The appetizers are geared toward cocktail hounds: Zesty dips and light nibbles that pair well with the drinks. If you want a proper meal, however, turn straight to the shared-plates section. The vegetables plates are the stars; don't miss the cumin-braised eggplant with chermoula, smoked labneh, quinoa crisps, and mint, and order two servings of the grilled pears with chestnuts and white beans. Iki Jime, the newest venture from star chef and restaurateur Shannon Bennett, serves nothing but ocean produce, and does it in an unadorned black-walled dining room on Collins Street.
The oysters are impeccable and the red-wine-braised octopus appetizer charming, but the less obvious dishes are where Iki Jime really shines. Fresh truffles nestle in the calamari noodles like treasure in a cave, and the yabby tart is held together with rich seaweed "fudge." For mains, choose your fish and cooking method and let the chefs adorn it accordingly. When this hip fine-dining restaurant opened in 2013, Smith Street was a scruffy place. Since then, Collingwood has become one of Melbourne's trendiest neighborhoods, and Saint Crispin now fits in perfectly.
Half-a-dozen chefs rub shoulders and tap-dance in a tiny open kitchen, and that liveliness extends to the food itself: The pork jowl appetizer with eggplant, apple, and smoked pork dashi is truly invigorating, while the venison with smoked beetroot and radicchio is to-die-for. The five- and seven-course tasting menus are both a great value.
Chef Shannon Martinez dreamed up Smith & Daughters in 2014 as an antidote to the virtuous vegan fare she found elsewhere in Melbourne. Her zesty, calorific Latin-American menu was an instant smash, and her recent turn towards Italian cuisine has been similarly acclaimed—even by devoted carnivores.
Located in Melbourne's boho inner north, Smith & Daughters draws a mostly local crowd who seem to have adopted the place as their de facto living room. Quiet nights are a rarity, but the vibe remains respectful. The best dishes here are the unashamedly vegan ones, such as pillowy gnocchi with broccoli-rabe pesto and earthy baked eggplant with complex cashew cheese.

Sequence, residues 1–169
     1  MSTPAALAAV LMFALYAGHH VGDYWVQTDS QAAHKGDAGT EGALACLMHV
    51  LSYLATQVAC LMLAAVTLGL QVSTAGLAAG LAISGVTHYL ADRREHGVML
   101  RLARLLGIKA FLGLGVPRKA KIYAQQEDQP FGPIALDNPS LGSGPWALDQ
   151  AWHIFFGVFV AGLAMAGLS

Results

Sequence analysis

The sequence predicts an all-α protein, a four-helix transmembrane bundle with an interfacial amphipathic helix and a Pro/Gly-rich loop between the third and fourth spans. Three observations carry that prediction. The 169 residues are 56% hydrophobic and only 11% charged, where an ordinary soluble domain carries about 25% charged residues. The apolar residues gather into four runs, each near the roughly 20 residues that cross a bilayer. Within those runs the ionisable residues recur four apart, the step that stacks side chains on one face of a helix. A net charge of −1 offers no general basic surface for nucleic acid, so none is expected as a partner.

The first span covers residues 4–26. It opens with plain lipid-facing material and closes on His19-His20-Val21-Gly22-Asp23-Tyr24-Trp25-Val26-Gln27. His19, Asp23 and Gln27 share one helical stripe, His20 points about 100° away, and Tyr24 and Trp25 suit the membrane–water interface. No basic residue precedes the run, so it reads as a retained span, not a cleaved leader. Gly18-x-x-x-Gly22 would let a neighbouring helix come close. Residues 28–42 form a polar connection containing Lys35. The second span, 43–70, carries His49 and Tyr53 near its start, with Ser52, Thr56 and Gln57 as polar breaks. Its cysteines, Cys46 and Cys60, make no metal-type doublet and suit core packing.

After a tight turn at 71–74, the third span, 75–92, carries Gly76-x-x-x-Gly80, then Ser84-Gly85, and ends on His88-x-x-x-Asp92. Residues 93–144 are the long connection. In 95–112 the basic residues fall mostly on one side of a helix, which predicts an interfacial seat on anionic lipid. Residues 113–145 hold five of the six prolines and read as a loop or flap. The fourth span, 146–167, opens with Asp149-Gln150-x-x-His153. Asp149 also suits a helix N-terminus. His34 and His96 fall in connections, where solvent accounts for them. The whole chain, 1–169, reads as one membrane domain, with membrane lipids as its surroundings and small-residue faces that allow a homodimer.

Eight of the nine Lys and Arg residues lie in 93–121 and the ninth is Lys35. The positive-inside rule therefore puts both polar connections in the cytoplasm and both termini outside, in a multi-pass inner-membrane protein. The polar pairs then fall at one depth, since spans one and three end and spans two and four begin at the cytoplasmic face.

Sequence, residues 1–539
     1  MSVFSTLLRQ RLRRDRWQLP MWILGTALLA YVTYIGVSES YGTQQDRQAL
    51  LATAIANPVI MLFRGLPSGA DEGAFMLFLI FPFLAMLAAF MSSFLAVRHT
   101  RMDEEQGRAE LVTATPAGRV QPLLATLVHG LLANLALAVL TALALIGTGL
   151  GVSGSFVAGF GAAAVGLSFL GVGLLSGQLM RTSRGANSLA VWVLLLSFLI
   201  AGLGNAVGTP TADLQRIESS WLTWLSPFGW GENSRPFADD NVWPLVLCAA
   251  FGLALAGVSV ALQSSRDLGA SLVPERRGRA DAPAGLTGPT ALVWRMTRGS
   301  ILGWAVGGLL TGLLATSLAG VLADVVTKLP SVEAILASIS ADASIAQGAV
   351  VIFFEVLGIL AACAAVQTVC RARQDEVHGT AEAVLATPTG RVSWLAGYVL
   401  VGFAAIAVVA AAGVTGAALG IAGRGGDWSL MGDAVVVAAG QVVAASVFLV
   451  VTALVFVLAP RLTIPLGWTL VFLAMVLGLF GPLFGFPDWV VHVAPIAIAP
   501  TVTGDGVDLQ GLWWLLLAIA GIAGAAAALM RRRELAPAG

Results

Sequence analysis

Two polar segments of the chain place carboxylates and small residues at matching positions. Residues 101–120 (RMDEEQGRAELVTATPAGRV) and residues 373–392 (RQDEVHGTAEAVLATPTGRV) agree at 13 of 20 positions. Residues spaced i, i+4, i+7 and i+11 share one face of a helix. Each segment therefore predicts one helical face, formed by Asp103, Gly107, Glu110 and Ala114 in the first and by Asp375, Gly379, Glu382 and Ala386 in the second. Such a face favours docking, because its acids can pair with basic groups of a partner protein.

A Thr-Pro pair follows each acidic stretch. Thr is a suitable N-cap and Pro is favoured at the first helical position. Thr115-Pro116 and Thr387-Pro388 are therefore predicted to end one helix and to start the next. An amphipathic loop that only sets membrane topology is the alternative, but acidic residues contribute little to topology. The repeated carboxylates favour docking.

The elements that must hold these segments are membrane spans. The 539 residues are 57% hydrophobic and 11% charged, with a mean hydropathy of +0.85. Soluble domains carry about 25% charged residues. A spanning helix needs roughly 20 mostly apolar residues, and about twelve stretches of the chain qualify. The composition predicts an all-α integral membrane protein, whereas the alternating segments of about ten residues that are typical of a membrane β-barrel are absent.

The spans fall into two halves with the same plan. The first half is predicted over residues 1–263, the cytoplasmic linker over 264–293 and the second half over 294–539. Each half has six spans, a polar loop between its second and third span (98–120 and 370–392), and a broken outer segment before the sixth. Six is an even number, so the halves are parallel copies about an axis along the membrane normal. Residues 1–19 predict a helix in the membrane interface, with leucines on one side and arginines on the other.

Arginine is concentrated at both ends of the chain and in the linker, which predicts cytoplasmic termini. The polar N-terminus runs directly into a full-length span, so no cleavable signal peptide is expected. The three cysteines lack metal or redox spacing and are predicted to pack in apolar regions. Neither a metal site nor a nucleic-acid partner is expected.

At Matilda, the latest addition to Scott Pickett's culinary empire pairs an oh-so-chic South Yarra location with an audacious menu of fire-cooked delicacies. The food is both indulgent and moreish, wonderfully fresh but also smoky and charred. Don't pass up the wood-oven salmon roe tartlets with bonito cream; the exquisite spanner crab, rendered tangy with citrus and served with prawn-buttered flatbread; or the whole Macedon duck, smoked over cherry wood and served with an array of flamed vegetables.
The tarte tatin with smoked vanilla ice cream is an unmissable finish. Ides, which began as a buzzy pop-up from former Attica sous-chef Peter Gunn, is now a permanent restaurant in grungy Collingwood, and one of the more glamorous restaurant experiences in Melbourne. Gunn keeps diners on their feet, eschewing signature dishes in favor of an evolving chef's menu of inventive vegetable presentations followed by a variety of meats and unusual desserts. Sesame sourdough served with peanut-infused butter is a constant, however, and thank goodness: It's close to perfect.
He also breaks the fourth wall by sending his chefs into the dining room to serve some of the food—a charming touch.
Waitstaff looks after the remainder of the service with a flourish. With its easy-breezy Mediterranean food, adventurous drinks list, and shoulder-rubbing intimacy, Osteria Ilaria is fast becoming a favorite hangout among locals in the CBD. Appetizers here pack a punch: The porcini croquettes have achieved local legend status, and the calamari with fava beans and paprika is deeply satisfying.
If there's pasta on the menu, try it, but don't neglect the rustic meat dishes, including a superlative rabbit sausage. The remarkably pleasant atmosphere, fortifying food, and diverse drinks make this restaurant a quietly impressive choice for a satisfying lunch or casual dinner. This veteran fine-dining destination in the CBD has tightened up its menu in recent years, and not a single dish on its Asian-inflected menu feels superfluous.